Review: The only transmitted disease most gamers run the risk of getting.
Infections tend to be bad things that nobody wants, but when you've got one coming from a developer like Planet Moon Studios, responsible for games such as Armed and Dangerous and Giants: Citizen Kabuto, vulnerability is a plus. The company's trademark symptoms of humor and fast-paced gameplay are mixed well with zombie-killing action, death metal music and a cool ?Infect the World? WiFi feature. Depth side effects aside, the thrilling third-person arcade qualities of Infected are the perfect cure for PSP owners looking for a solid game built exclusive for the handheld instead of ported for profit.
Infected fills Manhattan with the undead during the Christmas season due to the fact that more than holiday cheer is being spread. A virus is going around that turns just about everyone into flesh-eating zombies. For some unexplained reason, the blood of New York City Police Officer Stevens happens to be immune to it and even works as an antidote. As this rookie cop, you go around pumping the zombies with bullets or rockets from one of your ballistic weapons and then shoot them with a vial of your blood. In between missions that involve eliminating zombies, protecting civilians or getting them to a helicopter, conversations between Commissioner Burgees and Dr. Schaeffer in the war room provide you with instructions and comedy relief.
The humor ranges from being funny to being just plain offensive from the audio-only conversations dispatched to you from headquarters. It's funny to hear the phone call between the Prime Minister of Japan and the Commissioner, who, despite the positive sounding conversation, doesn't in fact know Japanese and thus accomplishes nothing. It's dumb humor, sure. However, like any good Leslie Neilson movie, it gets a decent laugh. On the other hand, you may find other jokes either side-splitting or insensitive every now and then. When a school trip arrives at headquarters and the Commissioner kills one of the students thinking he's a zombie when it turns out to be an entire class of mentally challenged children, that's either going to bother you or be one of the best joke of the game depending on your taste.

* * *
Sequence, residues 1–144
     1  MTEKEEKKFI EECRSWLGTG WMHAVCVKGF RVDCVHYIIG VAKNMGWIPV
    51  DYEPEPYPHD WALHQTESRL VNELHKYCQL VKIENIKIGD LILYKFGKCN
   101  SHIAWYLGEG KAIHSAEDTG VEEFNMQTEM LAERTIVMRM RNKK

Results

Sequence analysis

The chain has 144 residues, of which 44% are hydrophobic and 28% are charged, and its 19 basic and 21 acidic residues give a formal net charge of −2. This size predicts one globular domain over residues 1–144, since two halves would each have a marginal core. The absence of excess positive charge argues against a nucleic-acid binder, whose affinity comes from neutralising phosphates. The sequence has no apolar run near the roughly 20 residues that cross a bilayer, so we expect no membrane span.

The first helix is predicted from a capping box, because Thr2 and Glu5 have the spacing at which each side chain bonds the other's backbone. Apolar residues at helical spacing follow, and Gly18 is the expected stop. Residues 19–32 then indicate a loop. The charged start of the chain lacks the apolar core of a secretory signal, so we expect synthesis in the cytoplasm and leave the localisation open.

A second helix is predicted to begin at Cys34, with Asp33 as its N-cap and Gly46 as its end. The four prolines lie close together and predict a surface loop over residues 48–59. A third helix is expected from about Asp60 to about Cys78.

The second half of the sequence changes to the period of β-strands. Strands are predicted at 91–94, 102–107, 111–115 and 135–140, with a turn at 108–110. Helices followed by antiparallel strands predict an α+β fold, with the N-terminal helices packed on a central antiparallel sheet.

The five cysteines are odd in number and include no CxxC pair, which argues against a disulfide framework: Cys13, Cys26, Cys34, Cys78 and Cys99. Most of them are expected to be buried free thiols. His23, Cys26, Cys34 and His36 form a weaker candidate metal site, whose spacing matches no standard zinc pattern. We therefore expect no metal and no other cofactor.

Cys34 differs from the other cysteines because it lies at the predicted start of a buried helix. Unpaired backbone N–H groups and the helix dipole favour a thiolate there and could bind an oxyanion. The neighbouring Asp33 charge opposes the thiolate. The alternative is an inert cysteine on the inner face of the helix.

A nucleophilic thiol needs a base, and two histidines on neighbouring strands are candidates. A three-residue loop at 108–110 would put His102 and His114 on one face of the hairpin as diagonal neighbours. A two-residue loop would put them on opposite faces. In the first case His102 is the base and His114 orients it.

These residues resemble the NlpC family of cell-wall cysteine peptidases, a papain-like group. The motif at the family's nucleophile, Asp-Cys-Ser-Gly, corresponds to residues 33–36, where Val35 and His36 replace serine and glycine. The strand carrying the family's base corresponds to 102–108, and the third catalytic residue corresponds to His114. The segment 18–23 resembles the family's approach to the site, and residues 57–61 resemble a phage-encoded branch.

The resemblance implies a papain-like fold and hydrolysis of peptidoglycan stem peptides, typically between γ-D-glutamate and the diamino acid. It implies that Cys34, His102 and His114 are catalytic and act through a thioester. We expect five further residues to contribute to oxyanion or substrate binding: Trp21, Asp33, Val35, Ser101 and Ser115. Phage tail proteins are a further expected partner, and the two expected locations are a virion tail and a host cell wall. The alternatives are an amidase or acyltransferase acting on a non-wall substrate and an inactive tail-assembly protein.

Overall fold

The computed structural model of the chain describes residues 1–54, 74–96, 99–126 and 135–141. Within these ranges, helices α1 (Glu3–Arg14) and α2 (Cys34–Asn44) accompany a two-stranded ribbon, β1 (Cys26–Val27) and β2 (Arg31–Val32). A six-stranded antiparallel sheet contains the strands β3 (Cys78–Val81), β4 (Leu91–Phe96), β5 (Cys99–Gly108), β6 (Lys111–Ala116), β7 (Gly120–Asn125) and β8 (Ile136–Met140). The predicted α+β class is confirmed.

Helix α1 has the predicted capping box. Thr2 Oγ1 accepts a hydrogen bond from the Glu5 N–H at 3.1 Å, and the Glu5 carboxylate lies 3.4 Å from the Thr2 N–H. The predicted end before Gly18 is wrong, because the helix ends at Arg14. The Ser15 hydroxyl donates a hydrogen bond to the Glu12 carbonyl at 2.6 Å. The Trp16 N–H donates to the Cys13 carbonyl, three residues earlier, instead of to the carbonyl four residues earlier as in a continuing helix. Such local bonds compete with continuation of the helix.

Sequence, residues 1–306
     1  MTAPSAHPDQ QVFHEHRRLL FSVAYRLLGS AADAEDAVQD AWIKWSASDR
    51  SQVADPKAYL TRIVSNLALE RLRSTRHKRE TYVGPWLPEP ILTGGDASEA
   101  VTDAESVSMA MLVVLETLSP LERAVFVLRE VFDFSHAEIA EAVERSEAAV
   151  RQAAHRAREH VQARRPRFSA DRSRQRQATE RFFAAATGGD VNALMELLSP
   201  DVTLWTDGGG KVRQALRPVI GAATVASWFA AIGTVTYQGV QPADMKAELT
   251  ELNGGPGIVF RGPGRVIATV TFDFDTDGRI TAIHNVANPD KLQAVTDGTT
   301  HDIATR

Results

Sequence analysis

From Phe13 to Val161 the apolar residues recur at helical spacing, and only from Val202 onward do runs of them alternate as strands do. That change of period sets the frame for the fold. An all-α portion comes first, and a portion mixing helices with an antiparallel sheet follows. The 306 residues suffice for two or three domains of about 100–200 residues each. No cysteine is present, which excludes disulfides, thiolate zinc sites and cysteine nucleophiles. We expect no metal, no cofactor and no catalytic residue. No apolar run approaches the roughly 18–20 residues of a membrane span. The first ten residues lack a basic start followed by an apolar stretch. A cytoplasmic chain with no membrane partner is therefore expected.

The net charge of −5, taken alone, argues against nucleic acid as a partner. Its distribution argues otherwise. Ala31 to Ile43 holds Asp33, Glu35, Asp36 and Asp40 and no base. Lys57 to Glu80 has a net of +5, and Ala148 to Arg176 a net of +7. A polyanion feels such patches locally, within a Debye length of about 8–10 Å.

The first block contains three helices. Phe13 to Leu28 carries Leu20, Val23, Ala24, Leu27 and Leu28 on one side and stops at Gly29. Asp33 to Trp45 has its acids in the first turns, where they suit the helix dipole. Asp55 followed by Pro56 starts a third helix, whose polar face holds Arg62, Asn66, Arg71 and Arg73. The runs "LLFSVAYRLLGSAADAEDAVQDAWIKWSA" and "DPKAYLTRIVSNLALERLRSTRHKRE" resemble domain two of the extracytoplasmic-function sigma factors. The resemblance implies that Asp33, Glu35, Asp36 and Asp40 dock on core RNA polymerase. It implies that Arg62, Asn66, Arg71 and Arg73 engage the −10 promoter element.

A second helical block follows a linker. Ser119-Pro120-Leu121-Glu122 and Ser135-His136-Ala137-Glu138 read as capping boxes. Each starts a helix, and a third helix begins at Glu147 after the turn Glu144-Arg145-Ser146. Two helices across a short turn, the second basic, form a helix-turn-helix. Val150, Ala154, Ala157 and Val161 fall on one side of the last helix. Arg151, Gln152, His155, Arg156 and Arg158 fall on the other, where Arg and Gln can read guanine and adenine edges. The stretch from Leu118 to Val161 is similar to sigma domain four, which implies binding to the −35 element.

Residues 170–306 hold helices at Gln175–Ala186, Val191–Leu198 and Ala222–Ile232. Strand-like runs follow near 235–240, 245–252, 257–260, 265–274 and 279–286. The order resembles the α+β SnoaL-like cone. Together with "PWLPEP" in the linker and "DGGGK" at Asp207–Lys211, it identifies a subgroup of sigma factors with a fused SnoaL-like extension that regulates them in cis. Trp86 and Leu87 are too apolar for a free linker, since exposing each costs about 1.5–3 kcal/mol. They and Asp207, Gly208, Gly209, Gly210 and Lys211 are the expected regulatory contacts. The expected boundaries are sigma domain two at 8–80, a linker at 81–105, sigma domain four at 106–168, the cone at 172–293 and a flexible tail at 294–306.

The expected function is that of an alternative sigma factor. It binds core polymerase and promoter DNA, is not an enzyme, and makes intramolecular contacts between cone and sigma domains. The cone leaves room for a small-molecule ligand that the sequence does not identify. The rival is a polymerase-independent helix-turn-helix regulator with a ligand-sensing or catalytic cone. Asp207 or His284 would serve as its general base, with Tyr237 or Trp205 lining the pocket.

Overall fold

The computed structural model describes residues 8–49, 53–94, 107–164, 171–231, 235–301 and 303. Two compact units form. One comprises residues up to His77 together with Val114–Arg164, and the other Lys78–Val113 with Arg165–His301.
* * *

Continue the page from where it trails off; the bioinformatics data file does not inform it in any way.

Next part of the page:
For the most part, the gameplay is arcade-basic in that you shoot zombies with your ballistic gun, then shoot them with your viral gun and run into humans to save them. However, you can score combos by shooting many zombies with your ballistic gun at once without finishing each one off with your viral gun one at a time so that they're automatically linked together. Then, finish just one off with your viral gun, and they all go splat and you score a combo because the cure travels between their weakened bodies. Sometimes to achieve mission medals and earn hazard pay, you need to finish with a certain number of combos, complete the level under a set amount of time or save a specific amount of civilians. From here, you can buy attribute or weapon upgrades in between the missions, which give the game some depth, and purchase alternative avatar elements, which don't affect your performance in the single-player game.
The weapons, although few in number, work perfectly for this arcade shooter: the more you kill, the better the weapons are at your disposal. You start out with a pistol in the beginning of each level and once you kill a couple of zombies, are upgraded to the shotgun, then to the machine gun, then to the RPG, and finally to the BMFG. On top of that, if you cease your slaughtering rampage, your weapon meter will begin to decrease and the onscreen gun ladder will go backwards. It's not your conventional way of ?switching? weapons, but it works great for a truly arcade style of play by encouraging you to go on a non-stop killing spree.
Your avatar does have an impact on the game's multiplayer mode, which includes up to eight players through local wireless play and head-to-head matches online. In the ad hoc mode, you're treated to modes of deathmatch, team deathmatch, savior, in which everyone must rescue civilians while dealing with blows from each other, and mad cow, a hot potato mode where the objective is to maintain mad cow form for as long as possible. Sadly, in addition to being limited to two-players, infrastructure is also restricted to deathmatch. Its saving grace is that when you beat your opponent, you infect them with you avatar. The loser of the match must beat a bunch of single player and multiplayer games to purify themselves of the virus. On top of that, you can track how far your infection has spread throughout world via PSP's browser. So while the actual matches are limited, the ?infect a foe? feature is endless fun.
The game's presentation sets the perfect tone for a zombie title with dark colors and death metal music. Many of the environments are recycled level after level and more detail could've been added theoretically, but this keeps the frame rate running at a constant, speedy rate, which is more important. The end result is a Grand Theft Auto inspired engine with hordes of zombies instead of hordes of prostitutes lining streets. The music contains tracks from bands like Ill Nino, Chimaira and Slipknot, the later appearing as special avatars along with Majesco's BloodRayne. With the exception of some overly grating songs, the soundtrack fits the theme perfectly.